Night of the Storm

I was usually sent to bed early, a little later than the children but once all my jobs were done they didn’t want me hanging around the Night of the Stormbar. The men had lots of things to talk about that were not for my ears. Anyway I was glad to be away from the pungent smell of smoke and the stale stench of beer on the cloths behind the wooden bar.

As I climbed the rickety stairs the howling of the wind shook the rafters and I could hear the children stir in their sleep. Closing the curtains over the rattling windows I slipped under the covers desperate to keep warm and sleep for I knew I would have to rise at 5am to start the breakfasts and prepare the coal fires in the bar and snug.

They had taken me on 2 weeks ago as business was picking up and I was happy for the money as my Mother needed it. There were seven of us and I was the oldest and needed to work to help put food on the table.

I was used to keeping house and I could bake and scrub like the best of them so I didn’t mind it too much and the children were no bother.

I listened to their shallow breathing for what seemed like hours as I couldn’t sleep for the noise of the wind. The ale house was right on the corner and seemed to be bearing the brunt of the storm.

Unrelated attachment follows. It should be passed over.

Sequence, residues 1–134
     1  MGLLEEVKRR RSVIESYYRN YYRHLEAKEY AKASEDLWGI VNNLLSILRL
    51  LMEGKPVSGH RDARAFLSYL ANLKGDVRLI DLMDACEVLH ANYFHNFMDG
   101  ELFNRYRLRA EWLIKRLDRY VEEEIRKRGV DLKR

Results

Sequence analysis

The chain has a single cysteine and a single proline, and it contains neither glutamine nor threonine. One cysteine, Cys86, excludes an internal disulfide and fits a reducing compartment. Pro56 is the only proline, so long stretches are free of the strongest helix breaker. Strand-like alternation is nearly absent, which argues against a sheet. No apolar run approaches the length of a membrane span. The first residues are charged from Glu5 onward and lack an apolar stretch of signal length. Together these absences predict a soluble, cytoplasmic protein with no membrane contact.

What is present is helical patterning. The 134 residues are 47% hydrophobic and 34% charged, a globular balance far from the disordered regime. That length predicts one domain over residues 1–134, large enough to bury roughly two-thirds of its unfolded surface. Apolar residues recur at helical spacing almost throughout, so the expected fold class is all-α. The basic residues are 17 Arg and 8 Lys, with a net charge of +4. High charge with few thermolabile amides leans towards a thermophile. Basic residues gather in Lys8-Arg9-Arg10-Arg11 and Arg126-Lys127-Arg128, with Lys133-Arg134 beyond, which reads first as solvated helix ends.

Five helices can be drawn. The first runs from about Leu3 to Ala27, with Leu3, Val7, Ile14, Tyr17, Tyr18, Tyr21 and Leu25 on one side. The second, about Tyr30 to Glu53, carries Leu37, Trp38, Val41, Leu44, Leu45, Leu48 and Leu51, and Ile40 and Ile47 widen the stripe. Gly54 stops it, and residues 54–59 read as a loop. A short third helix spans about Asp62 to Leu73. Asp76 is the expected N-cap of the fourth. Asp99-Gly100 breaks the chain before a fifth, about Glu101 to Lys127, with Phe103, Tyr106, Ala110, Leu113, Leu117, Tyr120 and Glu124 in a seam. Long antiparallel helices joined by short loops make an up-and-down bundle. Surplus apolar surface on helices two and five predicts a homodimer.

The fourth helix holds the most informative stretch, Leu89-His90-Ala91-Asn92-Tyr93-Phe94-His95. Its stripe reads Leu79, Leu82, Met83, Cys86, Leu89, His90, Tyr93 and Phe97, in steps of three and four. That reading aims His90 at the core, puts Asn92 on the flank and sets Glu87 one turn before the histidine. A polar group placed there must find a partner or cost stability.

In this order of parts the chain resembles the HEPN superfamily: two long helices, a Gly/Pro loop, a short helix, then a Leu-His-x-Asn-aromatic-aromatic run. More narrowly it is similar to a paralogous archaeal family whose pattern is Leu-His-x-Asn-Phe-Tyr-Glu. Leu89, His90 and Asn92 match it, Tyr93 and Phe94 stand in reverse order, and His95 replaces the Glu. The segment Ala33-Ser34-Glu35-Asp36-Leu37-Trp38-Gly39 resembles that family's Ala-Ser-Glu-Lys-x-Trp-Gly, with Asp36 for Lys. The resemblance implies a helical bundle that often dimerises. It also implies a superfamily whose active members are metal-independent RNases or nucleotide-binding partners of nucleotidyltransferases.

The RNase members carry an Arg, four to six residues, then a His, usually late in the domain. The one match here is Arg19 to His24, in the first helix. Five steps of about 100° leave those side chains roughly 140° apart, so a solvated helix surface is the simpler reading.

Rain lashed at the windows and I prayed for morning and calm.

In between awake and asleep I jumped as a rumble changed to a crash and I felt dust in my mouth. I jumped up to save the children and pushed them in to the corner of the room just as the chimney pot came crashing into the room. I shouted to them to run downstairs and get help as I was trapped, my legs were under a large pile of rubble. Then I knew no more as the larger bricks began to fall. It was 5am on Wednesday 3rd October 1860.

I still wander around the staircases and watch as they drink at the bar. There are no coal fires to light and there is no one for breakfast but I don’t mind I have all the time in the world.


Get CONSETT MAGAZINE straight to your inbox.

* indicates required

NO COMMENTS

LEAVE A REPLY